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RE: Comments on Microsoft Chapter 4 Tests

From: Arron Eicholz <Arron.Eicholz@microsoft.com>
Date: Thu, 19 Mar 2009 18:33:11 +0000
To: "Grant, Melinda" <melinda.grant@hp.com>, Anne van Kesteren <annevk@opera.com>, "public-css-testsuite@w3.org" <public-css-testsuite@w3.org>
Message-ID: <012B73CEC20E0E41AE649D743B51CA2C01DDDF@TK5EX14MBXC101.redmond.corp.microsoft.com>
> Melinda Grant wrote:
> Arron said:
> > We should avoid using any of the
> > special words (MUST, MUST NOT, REQUIRED, SHALL, SHALL NOT,
> > SHOULD, SHOULD NOT, RECOMMENDED, MAY and OPTIONAL) in pass
> > conditions. These all have special meanings and should be
> > used sparingly and only when it is really appropriate.
>
> My take is that the 'may', 'should', or 'must' is now encoded in the
> meta flags, so so long as the test provides a good description of what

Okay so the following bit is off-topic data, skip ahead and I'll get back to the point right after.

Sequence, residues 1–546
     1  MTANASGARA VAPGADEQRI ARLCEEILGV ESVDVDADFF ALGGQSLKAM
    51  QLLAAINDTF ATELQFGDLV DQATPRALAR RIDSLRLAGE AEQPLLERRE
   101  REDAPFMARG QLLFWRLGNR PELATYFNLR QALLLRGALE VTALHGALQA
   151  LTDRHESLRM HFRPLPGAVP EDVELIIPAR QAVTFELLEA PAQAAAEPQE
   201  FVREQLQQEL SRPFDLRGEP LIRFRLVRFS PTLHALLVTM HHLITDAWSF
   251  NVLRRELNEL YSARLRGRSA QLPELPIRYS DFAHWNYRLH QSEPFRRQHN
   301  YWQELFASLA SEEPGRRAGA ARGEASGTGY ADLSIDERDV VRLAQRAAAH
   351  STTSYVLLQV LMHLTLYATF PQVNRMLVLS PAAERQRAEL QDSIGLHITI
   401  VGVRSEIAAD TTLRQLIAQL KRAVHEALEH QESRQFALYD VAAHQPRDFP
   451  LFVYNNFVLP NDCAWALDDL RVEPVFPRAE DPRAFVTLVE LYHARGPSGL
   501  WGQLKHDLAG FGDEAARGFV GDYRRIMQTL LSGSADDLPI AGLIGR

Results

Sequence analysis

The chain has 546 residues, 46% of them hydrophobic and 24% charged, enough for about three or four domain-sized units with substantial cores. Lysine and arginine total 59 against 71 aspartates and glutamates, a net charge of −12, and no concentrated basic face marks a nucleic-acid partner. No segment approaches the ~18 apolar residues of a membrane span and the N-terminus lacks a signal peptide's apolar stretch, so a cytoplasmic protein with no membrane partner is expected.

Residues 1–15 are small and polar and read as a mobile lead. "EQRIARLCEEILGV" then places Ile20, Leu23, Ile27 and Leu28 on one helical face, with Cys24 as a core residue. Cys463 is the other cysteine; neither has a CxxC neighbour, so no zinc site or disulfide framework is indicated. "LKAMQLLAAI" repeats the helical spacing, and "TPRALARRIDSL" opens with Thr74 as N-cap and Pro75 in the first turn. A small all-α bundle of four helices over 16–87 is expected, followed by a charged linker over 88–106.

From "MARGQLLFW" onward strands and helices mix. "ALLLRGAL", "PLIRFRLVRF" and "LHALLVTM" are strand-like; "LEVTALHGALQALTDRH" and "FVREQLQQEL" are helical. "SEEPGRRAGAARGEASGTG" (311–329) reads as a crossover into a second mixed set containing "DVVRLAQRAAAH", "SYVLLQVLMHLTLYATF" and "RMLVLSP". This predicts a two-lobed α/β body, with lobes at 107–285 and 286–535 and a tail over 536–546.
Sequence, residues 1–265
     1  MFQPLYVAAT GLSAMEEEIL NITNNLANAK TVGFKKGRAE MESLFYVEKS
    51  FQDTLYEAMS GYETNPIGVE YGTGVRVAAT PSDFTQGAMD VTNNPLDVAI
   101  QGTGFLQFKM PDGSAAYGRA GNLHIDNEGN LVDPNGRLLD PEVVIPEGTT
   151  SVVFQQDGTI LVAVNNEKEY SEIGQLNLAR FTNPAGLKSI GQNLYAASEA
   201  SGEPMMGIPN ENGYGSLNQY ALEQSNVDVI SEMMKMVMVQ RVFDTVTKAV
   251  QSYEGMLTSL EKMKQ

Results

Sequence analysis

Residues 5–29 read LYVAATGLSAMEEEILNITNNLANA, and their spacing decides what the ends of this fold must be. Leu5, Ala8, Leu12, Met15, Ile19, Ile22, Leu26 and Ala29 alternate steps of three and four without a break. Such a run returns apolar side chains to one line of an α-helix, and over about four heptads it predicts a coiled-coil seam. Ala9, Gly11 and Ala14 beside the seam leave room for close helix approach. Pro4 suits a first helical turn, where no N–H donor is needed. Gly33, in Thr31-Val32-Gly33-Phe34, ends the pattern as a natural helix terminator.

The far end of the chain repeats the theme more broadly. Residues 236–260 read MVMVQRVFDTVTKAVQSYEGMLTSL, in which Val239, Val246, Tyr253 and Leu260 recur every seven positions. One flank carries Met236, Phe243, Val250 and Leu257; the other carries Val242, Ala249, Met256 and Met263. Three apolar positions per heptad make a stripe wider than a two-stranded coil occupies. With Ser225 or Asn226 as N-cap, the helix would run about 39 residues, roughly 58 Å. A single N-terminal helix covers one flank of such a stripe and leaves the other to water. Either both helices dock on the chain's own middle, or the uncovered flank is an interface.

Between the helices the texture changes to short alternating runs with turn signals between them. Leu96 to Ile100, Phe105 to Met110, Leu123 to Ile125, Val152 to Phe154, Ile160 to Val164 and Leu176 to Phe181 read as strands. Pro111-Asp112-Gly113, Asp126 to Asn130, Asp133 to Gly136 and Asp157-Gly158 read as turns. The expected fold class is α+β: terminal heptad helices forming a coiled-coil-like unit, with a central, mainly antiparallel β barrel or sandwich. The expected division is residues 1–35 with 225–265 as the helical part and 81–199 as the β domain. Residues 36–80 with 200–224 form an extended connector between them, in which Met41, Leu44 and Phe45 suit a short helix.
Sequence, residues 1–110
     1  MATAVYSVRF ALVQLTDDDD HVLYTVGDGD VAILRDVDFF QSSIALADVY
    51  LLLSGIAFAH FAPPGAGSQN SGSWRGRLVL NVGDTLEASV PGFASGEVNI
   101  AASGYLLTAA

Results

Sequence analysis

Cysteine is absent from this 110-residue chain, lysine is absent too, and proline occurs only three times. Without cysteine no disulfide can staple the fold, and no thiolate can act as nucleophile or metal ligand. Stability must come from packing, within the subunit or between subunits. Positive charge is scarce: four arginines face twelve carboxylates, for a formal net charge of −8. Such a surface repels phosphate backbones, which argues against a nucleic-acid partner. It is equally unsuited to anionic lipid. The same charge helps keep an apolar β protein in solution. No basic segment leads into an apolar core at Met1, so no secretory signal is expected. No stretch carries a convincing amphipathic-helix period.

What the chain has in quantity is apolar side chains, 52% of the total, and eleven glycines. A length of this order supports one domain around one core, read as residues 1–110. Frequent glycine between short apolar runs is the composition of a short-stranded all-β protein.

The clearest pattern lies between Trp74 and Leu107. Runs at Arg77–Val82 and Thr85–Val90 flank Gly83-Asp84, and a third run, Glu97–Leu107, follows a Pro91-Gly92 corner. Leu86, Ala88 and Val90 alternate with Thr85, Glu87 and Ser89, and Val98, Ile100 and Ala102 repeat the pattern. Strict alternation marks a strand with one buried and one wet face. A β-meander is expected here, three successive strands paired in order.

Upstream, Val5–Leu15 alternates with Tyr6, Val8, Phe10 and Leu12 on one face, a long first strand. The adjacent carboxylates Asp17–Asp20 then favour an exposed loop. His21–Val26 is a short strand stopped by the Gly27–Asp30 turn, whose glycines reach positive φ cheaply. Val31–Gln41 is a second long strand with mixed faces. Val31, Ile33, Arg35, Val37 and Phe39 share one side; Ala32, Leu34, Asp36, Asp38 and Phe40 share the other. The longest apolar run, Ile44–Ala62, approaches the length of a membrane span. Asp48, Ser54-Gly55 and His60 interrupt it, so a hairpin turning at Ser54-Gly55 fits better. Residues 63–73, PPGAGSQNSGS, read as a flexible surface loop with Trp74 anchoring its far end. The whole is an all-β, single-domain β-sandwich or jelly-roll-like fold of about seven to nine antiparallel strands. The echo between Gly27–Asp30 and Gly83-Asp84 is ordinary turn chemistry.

> the tester should see, it seems ok to me.  (Before we added the flags,
> I raised the same issue...)
>
I agree the flags are really important but we need to avoid using the reserved words unless the case actually is a specific case that is a 'may', 'should', 'must', etc... case.

> > "Test passes if"
> > was our standard and clearly tells anybody when the test passes.
>
> That works fine for simple tests (and we try to make them all simple),
> but for some tests the "Test passes if" statement would be too
> unwieldy.  For those I've adopted the practice of just describing the
> various pass conditions, e.g.: "This sentence is at the top of the
> third page".
>
There are always a few exceptions and in certain cases if might make sense (like paged media) but in general all cases should have some consistency. I would assume that most of the paged media cases follow a similar pattern throughout?

--
Thanks,
Arron Eicholz



Received on Thursday, 19 March 2009 18:34:10 GMT

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